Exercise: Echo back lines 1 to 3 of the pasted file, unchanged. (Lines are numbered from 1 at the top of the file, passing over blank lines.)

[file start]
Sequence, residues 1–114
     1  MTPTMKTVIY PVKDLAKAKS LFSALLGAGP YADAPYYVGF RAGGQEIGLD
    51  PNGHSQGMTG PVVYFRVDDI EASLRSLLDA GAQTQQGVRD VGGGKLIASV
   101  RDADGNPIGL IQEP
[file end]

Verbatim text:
Sequence, residues 1–114
     1  MTPTMKTVIY PVKDLAKAKS LFSALLGAGP YADAPYYVGF RAGGQEIGLD
    51  PNGHSQGMTG PVVYFRVDDI EASLRSLLDA GAQTQQGVRD VGGGKLIASV